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Waxahachie, TX – A mother who has spent the last two months in jail after she was arrested for possessing less than one gram of a controlled substance, is now claiming jail guards ignored her cries for help and denied her medical treatment. During this time, she says she was forced to give birth to her son alone in her jail cell.

Shaye Bear, 25, was only five months pregnant when she gave birth to her son, Cashh, in her jail cell last week. She told WFAA News that she was forced to give birth alone with no medical aid, even though she repeatedly cried for help and told guards she was in labor.

I delivered a one-pound, two-ounce baby in that single cell screaming for hours, begging them to come and help me,” Bear said. “The guards would walk by and tell me they wouldn’t do nothing for me until I had that baby in that cell.”

The defense attorney representing Bear, Melinda Peel, said she spoke to a friend of another inmate who said that the guards refused to give Bear medical attention for two days, all while she screamed and cried in pain. The friend said the other inmates could not sleep for two nights because of the noise, and they considered filing a complaint against the jail but were scared of the repercussions.

“There’s not a person who couldn’t tell me they didn't hear me screaming, begging, praying,” Bear said.

The mother said she experienced hours of painful contractions before her premature baby was born in her hands, and several terrifying minutes passed before guards responded—in which she was scared her baby would die in her hands. When the guards finally took notice, they transported Bear and Baby Cashh to a local hospital, and Cashh was later taken to Cook’s Hospital by an emergency helicopter for extensive medical care.

While Bear was taken back to the jail where she has been since she was arrested on March 10, she has received little sympathy from the Ellis County Jail officials who refused to give her the proper medical treatment. Sheriff Charles Edge insisted that records show Bear “was treated the entire time she was in here due to her pregnancy.

Bear claimed that guards at the jail accused her of faking her contractions at the time. After they finally acknowledged that she had just given birth and needed to be taken to the hospital, one guard actually asked her if she reached inside of herself and pulled the baby out.

The same sentiment was shared by an unnamed law enforcement official, who told WFAA that “investigators believe that she induced herself to give birth,” and that Bear “made no secret to other inmates in the jail that she didn’t want that baby.”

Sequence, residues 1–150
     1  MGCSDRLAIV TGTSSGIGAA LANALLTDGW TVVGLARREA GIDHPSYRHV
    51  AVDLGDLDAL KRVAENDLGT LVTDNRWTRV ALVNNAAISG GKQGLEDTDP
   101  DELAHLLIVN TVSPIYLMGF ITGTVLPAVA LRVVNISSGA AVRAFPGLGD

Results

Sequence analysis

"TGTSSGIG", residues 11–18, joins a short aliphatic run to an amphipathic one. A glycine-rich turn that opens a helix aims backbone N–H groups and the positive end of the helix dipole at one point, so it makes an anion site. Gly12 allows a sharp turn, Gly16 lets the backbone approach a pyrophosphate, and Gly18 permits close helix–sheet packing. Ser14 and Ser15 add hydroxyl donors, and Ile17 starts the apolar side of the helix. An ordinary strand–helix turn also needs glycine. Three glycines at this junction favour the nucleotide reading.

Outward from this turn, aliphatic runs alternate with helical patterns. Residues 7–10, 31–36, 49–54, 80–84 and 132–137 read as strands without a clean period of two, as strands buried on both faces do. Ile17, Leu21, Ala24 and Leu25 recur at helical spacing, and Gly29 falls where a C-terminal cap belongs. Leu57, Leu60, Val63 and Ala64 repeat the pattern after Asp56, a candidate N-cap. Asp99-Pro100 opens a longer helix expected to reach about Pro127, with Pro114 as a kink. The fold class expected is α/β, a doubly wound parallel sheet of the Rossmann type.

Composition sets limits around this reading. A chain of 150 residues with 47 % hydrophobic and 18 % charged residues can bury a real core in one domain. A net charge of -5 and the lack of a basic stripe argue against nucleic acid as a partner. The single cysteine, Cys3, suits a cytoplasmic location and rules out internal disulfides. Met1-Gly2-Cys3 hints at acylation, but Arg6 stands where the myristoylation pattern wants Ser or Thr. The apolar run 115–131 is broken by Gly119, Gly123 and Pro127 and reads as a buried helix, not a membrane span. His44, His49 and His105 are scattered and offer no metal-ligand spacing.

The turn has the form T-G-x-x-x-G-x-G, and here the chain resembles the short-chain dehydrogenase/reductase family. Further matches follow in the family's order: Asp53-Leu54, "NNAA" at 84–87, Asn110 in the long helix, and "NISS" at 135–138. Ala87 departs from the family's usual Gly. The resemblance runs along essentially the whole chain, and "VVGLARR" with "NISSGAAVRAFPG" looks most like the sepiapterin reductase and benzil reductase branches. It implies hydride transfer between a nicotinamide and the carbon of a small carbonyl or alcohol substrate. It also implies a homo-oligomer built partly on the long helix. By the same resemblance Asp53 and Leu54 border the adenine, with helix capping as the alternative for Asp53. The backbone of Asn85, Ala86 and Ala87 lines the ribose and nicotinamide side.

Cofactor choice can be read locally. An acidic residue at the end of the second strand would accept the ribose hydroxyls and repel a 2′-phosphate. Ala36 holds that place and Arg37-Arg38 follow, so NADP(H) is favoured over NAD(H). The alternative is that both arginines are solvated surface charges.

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While the accusation that Bear intentionally induced her own labor raises a number of questions, she insisted that the opposite was true. “Hell no. I was trying to force them to take me to the hospital, so they could stop my labor,” she said.

Bear has been in and out of jail on drug charges over the last four years, and Cashh is not her first child, or the first baby she has given birth to in jail. She also has an 8-year-old son and a 2-year-old son who she gave birth to in the Dallas County Jail.

Baby Cashh is now fighting for his life. Bear told WFAA she worries that if he survives, he will face medical problems for the rest of his life. “I need to be there with my baby. He needs me. I’m thankful to God he’s alive,” she said. “Pray for him.”

While Bear’s admitted meth addiction has created problems for her children, it is clear that the prison industrial complex and the War on Drugs are only making those problems worse. After she was caught with less than one gram of an illegal drug, she has spent the last two months in jail because her bail was set at $5,000 and she could not afford to pay it.

A similar case happened in Detroit when Jessica Preston was arrested for driving with a suspended license in March 2016. Despite the fact that it was her first time committing the offense and she was eight months pregnant, the judge used previous drug charges against her, and Preston was ordered to pay a $10,000 cash bond to get out of jail, which she could not afford.

The jail guards and medical staff also accused Preston of faking her contractions, and they even threatened to add additional charges to her record if she continued to complain. After multiple check-ups by medical staff, including one in which she was bleeding and her medical history indicated that she should have been taken to the hospital immediately, Preston was forced to give birth on the floor of her jail cell, and her baby was delivered by inexperienced jail staff.

In the case of Shaye Bear, a concerned resident reached out to The Free Thought Project after he said he paid the bond to get her out of jail, and Ellis County Jail was refusing to cooperate. Joshua Howard said he was told Monday night that the jail would not release Bear and he then received a call on Tuesday morning from a jail employee who said Bear was “being held because of a hold out of Dallas County.”

As of 12 p.m. central time on Tuesday, Shaye Bear’s name is no longer listed in the Ellis County Sherriff’s Office’s inmate database. If you would like to contact the department to voice your opinion on Bear’s case, call (972) 825-4901 or visit the department’s Facebook page.